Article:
All of which is terrific for Diligent. But should we be getting excited about a company that is actually American registered and does most of its business overseas?
Well, the success of the business is great news for the small band of Kiwi investors who kept the faith. The original $1 a share invested, which came close to disappearing altogether at one point, has now reaped a compounding annual rate of return in excess of 15 per cent.
Of course anybody who got in when the price was about 10c has made truly astronomical returns.
So that is one good thing. But there are potential wider ramifications as well.
Diligent – an internationally focused business – has successfully used a New Zealand stock market listing to get through its difficult early years and set itself up for what looks a potentially spectacular future.
The emerging success of Diligent offers surely a fantastic case study for what the NZX market could perhaps do with other small, overseas, globally-aspiring companies that might be having difficulty raising money at home.
Picture it. New Zealand the willing home for up-and-coming technology companies. Float your company here and watch it "do a Diligent". Doesn't that have a nice ring about it?
OK, Diligent is just one company – but it would be a splendid example to use for NZX to promote itself overseas at a time when our market operator is crying out for new listings. There appears to be an opportunity here, but will it be grabbed?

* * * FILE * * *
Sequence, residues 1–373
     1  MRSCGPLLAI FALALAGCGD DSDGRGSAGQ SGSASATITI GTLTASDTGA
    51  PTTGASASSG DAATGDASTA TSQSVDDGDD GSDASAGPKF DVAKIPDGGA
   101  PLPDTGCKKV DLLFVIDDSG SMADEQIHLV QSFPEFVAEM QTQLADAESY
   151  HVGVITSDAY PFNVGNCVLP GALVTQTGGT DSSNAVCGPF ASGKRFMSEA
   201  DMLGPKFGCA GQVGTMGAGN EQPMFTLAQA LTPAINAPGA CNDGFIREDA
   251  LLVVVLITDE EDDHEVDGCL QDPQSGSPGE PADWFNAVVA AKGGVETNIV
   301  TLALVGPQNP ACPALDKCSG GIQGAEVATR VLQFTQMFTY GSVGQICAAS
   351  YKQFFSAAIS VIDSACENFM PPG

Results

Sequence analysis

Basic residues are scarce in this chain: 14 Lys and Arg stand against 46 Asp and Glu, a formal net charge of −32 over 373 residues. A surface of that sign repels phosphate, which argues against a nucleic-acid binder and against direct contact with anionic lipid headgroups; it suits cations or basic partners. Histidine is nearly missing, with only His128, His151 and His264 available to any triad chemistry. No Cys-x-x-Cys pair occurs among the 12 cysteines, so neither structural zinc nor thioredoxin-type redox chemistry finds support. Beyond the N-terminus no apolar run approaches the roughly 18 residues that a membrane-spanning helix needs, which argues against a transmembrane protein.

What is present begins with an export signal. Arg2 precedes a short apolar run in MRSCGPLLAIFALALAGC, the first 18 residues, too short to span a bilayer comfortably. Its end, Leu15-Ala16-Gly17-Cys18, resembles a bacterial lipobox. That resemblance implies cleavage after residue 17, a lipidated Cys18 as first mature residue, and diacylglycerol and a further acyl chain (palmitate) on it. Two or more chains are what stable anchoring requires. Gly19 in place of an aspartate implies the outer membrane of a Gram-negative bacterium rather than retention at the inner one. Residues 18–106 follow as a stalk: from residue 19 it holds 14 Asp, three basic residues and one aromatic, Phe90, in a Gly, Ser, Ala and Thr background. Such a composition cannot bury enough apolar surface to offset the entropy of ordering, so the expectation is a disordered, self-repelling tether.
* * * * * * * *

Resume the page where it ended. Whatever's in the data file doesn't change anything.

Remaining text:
Chalkie is reminded of the case of Swiss company Cavotec MSL. This growing infrastructure engineering company recently abandoned a New Zealand market listing in favour of putting its shares on the Nasdaq OMX in Sweden.
The way Cavotec became listed here was a nice story that Chalkie can't recall NZX making enough of. Cavotec was a privately held company that liked the innovative automated port mooring system devised by New Zealand firm Mooring Systems. The New Zealand company needed more money. In 2006 Cavotec agreed to merge with Mooring Systems. But it also agreed to list the combined company on NZX. It was just the sort of progressive listing our market needs.
But four years down the track the ambitious Cavotec did not find the NZX listing sufficiently fitted its needs. The company commented earlier this year that the development of its share value had been affected by a downturn in capital markets worldwide "combined with a generally illiquid trading environment on the NZX". So, it is gone.
Could more have been done by the NZX to keep Cavotec? The new listings on the New Zealand market this year can be counted on the fingers of one hand. The NZX surely needs to be more proactive in seeking listings so that Kiwi investors have fresh options and the market itself is rejuvenated. The Diligent story shows that NZX doesn't just have to wait for Kiwi companies to take the plunge.
But as Diligent's star becomes more ascendant in the US, then so it might be more attracted to the idea of a Nasdaq share listing in the US. And, if it does so, would it then abandon New Zealand altogether?
Somehow it would be all too typical if Kiwi investors, having witnessed a company nearly crash and burn on the New Zealand market, then see it take its listing overseas once it actually becomes a success.
As a nation we need to make sure opportunities presented by the unexpected success of businesses such as Diligent are grabbed with both hands – something we don't do well enough.
- David Hargreaves is a former Fairfax business reporter and columnist now writing freelance. Chalkie's name is derived from the people who used to "chalk" up the share prices on trading floors before the market went electronic.